• Usually they start within a few days or weeks of starting the medicine.
    • They are more likely to happen at high doses.
    • Most of these problems go away if the dose is lowered or the medicine is stopped. However, if problems do happen, they might need treatment.

Talk to a doctor if you (or someone taking this medicine), show any signs of mental problems. This is particularly important if you are depressed, or might be thinking about suicide. In a few cases, mental problems have happened when doses are being lowered or stopped.

Contact your doctor if you experience blurred vision or other visual disturbances.

Taking other medicines

Please tell your doctor or pharmacist if you are taking or have recently taken any other medicines, including medicines obtained without a prescription:

  • antacids – do not take at the same time as the Prednisolone tablets
  • diuretics (‘water tablets’)
  • medicines to treat epilepsy such as carbamazepine, phenobarbital, phenytoin, primidone
  • medicines for diabetes including insulin
  • medicines to treat infections such as rifabutin, rifampicin, amphotericin, ketoconazole, tetracyclines
  • medicines used to treat cancer such as methotrexate, etoposide
  • anticoagulant drugs used to thin blood
  • oral contraceptives (the ‘pill’)
  • other non-steroidal anti-inflammatory drugs (NSAIDs) or aspirin
  • mifepristone (used for abortion), ciclosporin, acetazolamide, beta-2-agonists, theophylline, carbenoxolone, aminoglutethimide or carbimazole.

Driving and using machines

If you do not have enough sleep you may be less alert and patients should make sure they are not affected before driving or operating machinery.

Pregnancy and breastfeeding

Ask your doctor or pharmacist for advice before taking this medicine.

Sugar intolerance

If you have been told by your doctor that you have an intolerance to some sugars, contact them before taking this medicine, as it contains lactose.

If you see another doctor or go into hospital, let them know what medicines you are taking.

3 How to take Prednisolone tablets

You will be supplied with a ‘Steroid Treatment Card’ which includes important details of your treatment. This card should be carried at all times.

Always take Prednisolone tablets exactly as your doctor has told you, especially if you are elderly. If you are not sure, check with your doctor or pharmacist.

Swallow the tablets whole, with a little water as a single dose in the morning after breakfast unless otherwise directed by the doctor. Do not chew or cut the tablets.

The usual doses are:

General conditions 5-60mg daily

Allergic and skin disorders 5-15mg daily

Blood disorders 15-60mg daily

Collagenosis 20-30mg daily

Rheumatoid arthritis 10-15mg daily

Doses will be decided for children aged 1-17 years and the elderly.

Once a dose is established, it may be changed to use the lowest effective dose depending on your response to the drug.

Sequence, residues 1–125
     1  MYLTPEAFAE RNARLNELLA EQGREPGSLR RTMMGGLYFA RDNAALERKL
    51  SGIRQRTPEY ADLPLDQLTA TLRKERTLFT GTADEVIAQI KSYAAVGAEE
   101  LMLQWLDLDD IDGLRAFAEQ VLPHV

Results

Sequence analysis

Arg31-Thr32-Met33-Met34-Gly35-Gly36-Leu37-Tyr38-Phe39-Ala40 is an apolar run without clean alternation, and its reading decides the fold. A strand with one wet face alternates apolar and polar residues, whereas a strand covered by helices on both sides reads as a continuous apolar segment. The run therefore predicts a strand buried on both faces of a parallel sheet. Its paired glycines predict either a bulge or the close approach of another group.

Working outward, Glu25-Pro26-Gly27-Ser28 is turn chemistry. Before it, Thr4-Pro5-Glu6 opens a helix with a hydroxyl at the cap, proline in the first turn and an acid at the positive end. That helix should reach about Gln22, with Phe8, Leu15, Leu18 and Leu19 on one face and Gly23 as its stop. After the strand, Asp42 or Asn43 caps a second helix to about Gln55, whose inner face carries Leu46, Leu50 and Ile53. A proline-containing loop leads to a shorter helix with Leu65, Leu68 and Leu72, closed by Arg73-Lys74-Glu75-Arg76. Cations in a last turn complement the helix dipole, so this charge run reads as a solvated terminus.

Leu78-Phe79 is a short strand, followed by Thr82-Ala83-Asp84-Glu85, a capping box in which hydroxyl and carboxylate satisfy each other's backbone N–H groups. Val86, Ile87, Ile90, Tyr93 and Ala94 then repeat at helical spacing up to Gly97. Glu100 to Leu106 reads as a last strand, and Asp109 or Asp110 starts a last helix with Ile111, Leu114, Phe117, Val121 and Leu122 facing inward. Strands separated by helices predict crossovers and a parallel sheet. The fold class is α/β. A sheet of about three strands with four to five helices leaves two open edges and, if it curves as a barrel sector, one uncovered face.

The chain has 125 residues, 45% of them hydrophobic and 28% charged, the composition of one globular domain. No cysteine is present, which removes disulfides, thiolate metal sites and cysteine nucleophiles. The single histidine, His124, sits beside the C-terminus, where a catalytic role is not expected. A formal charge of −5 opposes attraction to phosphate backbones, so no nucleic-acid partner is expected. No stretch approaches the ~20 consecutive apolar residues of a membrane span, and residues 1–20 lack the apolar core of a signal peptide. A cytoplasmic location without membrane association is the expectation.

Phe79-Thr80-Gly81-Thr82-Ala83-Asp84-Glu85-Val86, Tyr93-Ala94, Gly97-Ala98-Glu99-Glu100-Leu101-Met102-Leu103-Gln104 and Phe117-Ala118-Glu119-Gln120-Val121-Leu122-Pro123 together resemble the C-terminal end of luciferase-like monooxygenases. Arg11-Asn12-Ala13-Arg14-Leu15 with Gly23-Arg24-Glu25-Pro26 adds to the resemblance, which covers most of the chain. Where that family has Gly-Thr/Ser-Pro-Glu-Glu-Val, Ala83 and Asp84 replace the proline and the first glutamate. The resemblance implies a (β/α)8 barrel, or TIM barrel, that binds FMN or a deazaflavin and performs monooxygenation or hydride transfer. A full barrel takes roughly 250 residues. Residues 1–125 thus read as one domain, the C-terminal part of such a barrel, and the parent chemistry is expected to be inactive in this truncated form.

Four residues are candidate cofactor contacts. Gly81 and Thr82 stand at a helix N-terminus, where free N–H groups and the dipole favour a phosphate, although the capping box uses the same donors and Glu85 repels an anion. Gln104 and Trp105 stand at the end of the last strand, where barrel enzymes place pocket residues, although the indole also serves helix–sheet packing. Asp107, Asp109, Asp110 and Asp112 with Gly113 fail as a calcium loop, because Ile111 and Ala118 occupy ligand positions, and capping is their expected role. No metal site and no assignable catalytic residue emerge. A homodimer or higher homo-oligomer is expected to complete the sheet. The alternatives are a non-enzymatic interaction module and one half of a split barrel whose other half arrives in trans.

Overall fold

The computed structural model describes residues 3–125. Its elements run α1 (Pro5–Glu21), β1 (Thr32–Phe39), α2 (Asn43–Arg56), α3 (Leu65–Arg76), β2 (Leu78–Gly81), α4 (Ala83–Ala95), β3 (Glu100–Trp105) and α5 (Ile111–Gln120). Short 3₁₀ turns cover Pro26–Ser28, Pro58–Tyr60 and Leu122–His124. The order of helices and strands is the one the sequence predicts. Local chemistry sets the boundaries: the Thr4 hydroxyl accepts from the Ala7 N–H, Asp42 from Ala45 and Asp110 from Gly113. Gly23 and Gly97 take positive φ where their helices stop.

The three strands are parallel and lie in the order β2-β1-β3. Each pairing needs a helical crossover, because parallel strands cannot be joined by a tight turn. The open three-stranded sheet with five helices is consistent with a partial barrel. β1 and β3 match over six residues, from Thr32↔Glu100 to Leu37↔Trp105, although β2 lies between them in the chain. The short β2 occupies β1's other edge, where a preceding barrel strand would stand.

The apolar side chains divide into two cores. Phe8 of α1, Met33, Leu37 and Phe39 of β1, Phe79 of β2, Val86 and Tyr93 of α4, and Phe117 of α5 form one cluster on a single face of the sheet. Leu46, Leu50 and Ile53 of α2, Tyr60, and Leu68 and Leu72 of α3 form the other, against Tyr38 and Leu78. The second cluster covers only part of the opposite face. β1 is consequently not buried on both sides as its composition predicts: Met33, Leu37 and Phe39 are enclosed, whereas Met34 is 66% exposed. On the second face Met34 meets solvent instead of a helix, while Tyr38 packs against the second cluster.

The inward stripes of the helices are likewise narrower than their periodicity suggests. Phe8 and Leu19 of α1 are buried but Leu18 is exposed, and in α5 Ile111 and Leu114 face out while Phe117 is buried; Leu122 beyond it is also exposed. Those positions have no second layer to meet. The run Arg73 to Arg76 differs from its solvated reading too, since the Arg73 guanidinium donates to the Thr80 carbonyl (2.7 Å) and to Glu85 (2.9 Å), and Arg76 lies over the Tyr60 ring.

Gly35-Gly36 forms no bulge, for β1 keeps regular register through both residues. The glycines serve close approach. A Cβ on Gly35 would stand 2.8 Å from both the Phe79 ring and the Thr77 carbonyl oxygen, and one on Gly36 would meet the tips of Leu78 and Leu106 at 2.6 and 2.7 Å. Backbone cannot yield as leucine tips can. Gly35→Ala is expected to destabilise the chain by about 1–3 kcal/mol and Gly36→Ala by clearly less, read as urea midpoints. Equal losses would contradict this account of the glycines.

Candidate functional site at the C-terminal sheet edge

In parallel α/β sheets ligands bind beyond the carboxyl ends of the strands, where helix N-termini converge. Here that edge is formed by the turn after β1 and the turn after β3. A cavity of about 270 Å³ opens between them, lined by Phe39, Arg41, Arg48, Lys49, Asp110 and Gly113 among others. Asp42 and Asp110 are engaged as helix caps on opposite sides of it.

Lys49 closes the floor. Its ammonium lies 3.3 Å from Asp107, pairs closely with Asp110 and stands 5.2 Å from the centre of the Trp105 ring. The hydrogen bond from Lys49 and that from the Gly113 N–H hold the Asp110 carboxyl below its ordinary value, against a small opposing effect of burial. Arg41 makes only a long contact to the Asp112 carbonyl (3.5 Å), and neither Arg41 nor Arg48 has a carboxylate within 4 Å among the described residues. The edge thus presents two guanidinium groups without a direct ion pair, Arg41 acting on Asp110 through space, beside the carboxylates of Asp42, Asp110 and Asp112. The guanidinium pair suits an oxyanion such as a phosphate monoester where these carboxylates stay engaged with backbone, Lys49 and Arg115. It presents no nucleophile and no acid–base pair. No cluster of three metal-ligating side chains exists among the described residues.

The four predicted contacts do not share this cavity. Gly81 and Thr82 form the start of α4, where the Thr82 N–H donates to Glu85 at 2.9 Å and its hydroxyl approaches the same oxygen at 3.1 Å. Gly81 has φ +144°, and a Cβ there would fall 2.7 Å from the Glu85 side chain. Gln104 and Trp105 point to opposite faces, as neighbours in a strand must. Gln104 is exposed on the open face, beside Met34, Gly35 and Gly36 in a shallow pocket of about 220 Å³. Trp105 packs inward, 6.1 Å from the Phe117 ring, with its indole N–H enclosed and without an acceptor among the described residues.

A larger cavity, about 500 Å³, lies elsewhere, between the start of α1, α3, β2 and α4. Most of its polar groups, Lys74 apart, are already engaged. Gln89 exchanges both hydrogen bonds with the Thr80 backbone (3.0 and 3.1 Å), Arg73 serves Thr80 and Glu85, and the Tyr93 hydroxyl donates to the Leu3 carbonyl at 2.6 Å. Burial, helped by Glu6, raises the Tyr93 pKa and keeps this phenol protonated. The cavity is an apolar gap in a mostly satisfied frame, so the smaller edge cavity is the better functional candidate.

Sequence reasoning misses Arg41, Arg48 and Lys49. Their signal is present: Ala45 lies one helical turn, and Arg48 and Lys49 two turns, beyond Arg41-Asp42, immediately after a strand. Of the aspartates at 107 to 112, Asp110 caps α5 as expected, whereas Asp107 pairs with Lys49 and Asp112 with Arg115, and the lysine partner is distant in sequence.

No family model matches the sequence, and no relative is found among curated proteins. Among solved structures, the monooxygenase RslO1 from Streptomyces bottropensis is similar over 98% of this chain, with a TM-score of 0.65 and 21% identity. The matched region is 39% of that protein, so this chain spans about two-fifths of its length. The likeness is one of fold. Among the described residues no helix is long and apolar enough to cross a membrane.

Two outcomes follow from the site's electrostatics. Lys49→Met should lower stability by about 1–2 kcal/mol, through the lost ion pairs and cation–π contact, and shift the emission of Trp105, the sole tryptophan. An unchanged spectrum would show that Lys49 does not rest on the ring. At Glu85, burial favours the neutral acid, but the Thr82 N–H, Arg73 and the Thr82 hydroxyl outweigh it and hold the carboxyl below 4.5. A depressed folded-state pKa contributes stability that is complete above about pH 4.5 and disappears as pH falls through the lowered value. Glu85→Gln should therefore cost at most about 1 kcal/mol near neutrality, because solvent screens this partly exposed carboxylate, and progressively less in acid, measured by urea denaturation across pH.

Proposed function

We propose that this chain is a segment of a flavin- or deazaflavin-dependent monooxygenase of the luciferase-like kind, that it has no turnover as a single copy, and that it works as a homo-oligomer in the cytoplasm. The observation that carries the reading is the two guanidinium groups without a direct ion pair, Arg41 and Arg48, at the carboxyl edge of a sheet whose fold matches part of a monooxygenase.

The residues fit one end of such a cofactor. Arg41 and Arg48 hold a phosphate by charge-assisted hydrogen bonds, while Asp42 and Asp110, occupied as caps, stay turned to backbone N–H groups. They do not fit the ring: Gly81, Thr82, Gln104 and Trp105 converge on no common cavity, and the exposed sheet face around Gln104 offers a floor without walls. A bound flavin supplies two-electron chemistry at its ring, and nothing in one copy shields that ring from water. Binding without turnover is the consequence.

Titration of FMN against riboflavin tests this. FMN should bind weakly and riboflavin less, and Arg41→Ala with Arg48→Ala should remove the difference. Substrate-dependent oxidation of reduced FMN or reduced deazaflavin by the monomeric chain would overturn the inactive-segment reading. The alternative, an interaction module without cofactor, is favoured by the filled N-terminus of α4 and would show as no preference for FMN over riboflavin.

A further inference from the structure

Differences in absorption of prednisolone may be experienced by individuals especially when switching between coated and non-coated prednisolone tablets, therefore close monitoring of your condition is recommended. Talk to your doctor if you notice worsening of your condition or if you have any concerns about your treatment.

If you are diabetic, you may find that you need to take more medication to balance the effect of Prednisolone tablets. You should discuss this with your doctor.

Your doctor should check your progress at regular visits. Also, your progress may have to be checked after you have stopped using this medicine, since some of the effects may continue.

If you forget to take Prednisolone tablets

If you forget to take a dose, take one as soon as you remember and then your next dose at the usual time. Never take two doses at the same time.

If you take more Prednisolone tablets than you should

If you (or someone else) swallow a lot of tablets at the same time, or you think a child may have swallowed any contact your nearest hospital casualty department or tell your doctor immediately.

If you stop taking Prednisolone tablets

If you stop taking the tablets suddenly you may develop muscle or joint pain, conjunctivitis, fever, weight loss, painful itchy skin lumps or runny nose. Talk to your doctor before you stop taking the tablets and follow their advice.

4 Possible side effects

Like all medicines, Prednisolone tablets can cause side effects, particularly when you first start taking it although not everybody gets them. Please tell your doctor or pharmacist if you notice any of the following effects or any effects not listed.

Stop taking Prednisolone tablets and contact your doctor straight away if the following allergic reaction happens: puffy, swollen face, tongue or body, which may cause shortness of breath, shock and collapse.